You've probably seen this portal brace before: the silhouette is at the bottom of every page on this website.


We've seen A, M, and W designs, but there's one letter of the alphabet left: the 'X'. A single X-frame is a typical design for long-span truss bridges.

One 'X' might be stacked on top of another.

Modern welded trusses often incorporate an 'X' design, but without the lower strut to allow for more headroom.

Here are two cantilevered trusses side-by-side, built at different times periods. Notice how the portal design evolved between the two.


Here are some other interesting portal designs from Missouri:

Among all U.S. bridges, the Wells Street Bridge in Fort Wayne, Indiana, has one of the most elaborate and ornate portals. The details are amazing:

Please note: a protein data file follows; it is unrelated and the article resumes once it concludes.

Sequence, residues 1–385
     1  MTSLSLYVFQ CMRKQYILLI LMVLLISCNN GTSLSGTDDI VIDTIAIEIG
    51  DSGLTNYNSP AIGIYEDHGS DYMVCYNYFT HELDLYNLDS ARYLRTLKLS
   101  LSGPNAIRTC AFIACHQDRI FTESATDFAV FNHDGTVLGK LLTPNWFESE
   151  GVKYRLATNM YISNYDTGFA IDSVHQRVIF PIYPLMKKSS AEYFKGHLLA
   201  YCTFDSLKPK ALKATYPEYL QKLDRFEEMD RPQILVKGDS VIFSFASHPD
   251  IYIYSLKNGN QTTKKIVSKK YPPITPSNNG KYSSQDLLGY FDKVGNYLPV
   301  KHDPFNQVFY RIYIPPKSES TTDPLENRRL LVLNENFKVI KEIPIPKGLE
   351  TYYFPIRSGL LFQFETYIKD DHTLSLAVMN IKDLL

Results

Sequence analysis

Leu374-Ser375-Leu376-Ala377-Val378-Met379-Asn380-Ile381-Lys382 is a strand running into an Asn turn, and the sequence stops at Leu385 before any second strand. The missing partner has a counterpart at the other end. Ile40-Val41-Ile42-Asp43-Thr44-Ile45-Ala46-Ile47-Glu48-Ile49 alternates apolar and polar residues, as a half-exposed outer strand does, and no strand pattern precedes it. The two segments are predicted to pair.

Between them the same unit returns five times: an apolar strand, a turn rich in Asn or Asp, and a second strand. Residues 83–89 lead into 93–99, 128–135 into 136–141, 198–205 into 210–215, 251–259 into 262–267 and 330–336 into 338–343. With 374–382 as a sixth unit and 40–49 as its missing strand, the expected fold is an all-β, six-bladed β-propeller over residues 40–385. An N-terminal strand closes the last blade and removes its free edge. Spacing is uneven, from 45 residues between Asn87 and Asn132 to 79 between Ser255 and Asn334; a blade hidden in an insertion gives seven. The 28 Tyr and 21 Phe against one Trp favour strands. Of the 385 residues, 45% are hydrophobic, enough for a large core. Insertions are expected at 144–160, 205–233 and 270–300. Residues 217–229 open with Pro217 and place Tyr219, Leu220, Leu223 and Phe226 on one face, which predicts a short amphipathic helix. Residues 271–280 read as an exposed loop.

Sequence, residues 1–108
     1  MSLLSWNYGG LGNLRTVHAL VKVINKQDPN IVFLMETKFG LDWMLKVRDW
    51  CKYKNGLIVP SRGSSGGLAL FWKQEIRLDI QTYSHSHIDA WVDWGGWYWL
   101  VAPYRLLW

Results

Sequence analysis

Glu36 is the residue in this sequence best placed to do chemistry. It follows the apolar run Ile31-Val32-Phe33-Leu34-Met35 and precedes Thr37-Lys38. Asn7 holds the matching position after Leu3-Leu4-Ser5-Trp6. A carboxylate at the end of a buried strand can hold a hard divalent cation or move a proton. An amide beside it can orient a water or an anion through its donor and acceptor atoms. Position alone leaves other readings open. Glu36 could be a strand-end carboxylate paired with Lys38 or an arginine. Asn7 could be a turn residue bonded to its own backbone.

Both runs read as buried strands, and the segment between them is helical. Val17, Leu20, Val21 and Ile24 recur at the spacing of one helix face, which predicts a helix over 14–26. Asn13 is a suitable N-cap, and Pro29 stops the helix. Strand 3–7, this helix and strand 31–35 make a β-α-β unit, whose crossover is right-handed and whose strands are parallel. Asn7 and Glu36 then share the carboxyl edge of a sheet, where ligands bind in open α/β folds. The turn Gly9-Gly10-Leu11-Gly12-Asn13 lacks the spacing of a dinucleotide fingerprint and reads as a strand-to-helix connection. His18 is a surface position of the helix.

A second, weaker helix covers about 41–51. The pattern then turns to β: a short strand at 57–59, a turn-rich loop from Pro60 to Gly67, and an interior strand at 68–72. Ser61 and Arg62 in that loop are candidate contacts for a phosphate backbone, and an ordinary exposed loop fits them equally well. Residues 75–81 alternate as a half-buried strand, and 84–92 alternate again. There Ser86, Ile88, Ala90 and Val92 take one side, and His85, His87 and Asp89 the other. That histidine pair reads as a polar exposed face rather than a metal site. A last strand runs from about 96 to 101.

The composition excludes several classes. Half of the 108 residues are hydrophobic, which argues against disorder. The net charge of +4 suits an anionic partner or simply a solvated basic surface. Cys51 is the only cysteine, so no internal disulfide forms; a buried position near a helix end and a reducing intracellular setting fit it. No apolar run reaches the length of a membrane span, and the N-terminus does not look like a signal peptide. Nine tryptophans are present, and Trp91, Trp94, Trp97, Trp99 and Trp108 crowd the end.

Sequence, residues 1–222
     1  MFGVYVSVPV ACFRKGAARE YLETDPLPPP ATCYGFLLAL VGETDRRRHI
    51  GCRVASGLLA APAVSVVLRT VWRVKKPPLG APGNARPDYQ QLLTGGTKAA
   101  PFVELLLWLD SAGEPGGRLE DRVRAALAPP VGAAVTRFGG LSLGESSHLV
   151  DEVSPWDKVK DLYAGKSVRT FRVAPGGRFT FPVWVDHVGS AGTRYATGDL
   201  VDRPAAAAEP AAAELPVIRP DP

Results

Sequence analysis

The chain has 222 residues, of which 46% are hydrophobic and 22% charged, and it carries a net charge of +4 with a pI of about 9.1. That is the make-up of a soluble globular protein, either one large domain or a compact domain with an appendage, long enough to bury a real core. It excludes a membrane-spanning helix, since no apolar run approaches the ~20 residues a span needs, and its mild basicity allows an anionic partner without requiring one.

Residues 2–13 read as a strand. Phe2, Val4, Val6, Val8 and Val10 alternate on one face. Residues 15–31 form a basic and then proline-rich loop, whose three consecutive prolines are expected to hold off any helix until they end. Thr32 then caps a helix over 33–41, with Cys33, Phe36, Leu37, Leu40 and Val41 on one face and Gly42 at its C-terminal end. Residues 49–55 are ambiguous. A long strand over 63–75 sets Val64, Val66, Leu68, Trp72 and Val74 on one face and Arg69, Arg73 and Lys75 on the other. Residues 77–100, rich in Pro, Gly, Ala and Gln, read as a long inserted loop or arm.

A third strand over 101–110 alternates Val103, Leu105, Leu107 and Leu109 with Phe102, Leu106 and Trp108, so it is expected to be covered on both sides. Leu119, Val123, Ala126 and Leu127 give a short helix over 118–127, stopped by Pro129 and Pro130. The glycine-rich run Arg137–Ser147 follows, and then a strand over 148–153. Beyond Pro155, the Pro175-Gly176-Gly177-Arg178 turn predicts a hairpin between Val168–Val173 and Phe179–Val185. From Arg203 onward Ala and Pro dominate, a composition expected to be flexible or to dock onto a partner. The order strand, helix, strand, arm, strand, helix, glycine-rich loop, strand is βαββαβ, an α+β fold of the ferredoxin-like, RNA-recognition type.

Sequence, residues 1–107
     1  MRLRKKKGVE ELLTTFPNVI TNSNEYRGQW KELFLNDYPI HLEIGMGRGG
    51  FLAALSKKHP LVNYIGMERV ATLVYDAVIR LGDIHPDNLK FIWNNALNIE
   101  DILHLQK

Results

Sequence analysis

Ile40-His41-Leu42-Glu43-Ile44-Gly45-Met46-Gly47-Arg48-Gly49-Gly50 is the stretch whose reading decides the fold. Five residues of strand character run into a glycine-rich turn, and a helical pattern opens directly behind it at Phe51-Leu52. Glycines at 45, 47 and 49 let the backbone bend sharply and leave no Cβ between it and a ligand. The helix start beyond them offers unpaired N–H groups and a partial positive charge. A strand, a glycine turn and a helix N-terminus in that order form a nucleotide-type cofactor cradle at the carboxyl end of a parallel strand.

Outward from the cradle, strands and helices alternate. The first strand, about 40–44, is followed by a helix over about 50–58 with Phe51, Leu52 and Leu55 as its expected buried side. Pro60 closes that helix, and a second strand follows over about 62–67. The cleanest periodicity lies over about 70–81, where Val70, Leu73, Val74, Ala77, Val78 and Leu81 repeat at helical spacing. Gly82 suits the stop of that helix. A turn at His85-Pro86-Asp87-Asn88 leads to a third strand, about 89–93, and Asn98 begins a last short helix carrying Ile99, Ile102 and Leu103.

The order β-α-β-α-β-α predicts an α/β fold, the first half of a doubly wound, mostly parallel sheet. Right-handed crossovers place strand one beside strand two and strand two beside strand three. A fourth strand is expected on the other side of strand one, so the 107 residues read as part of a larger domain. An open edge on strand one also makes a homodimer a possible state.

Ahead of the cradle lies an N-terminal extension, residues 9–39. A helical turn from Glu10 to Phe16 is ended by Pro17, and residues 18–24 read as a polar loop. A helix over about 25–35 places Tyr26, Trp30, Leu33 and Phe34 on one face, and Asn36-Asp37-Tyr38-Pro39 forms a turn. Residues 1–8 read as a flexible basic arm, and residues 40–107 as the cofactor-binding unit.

(Photo by Anthony Dillon)


The study of portal braces may seem trivial -- and perhaps it is -- but this aspect of bridge design warrants more research to help fill in the gaps for those bridges that are otherwise undocumented.

Comments  (7)

Studying portal braces
Posted February 10, 2010, by James Baughn (webmaster [at] bridgehunter [dot] com)

Jason Smith submitted this study of portal braces, complete with hand-drawn illustrations. See the attached image or go here for the PDF:

Uploaded file: JPEG image data, JFIF standard 1.01, 93377 bytes

Studying portal braces
Posted February 10, 2010, by Wes KInsler (wkinsler [at] wkinsler [dot] com)

Very nice article, James. I did notice, however, that your "W" portal looks like it may have started life as an "M" style portal. Portals loosing struts and knee braces as traffic got larger and more frequent seems to be a nation-wide occurance. And it seems, more than any of the other smaller bridge details, the shape and style of the portal goes a long way to giving a bridge its "personality", and alterations to a portal all contribute to that.

Studying portal braces
Posted February 10, 2010, by Anthony Dillon (spansaver [at] hotmail [dot] com)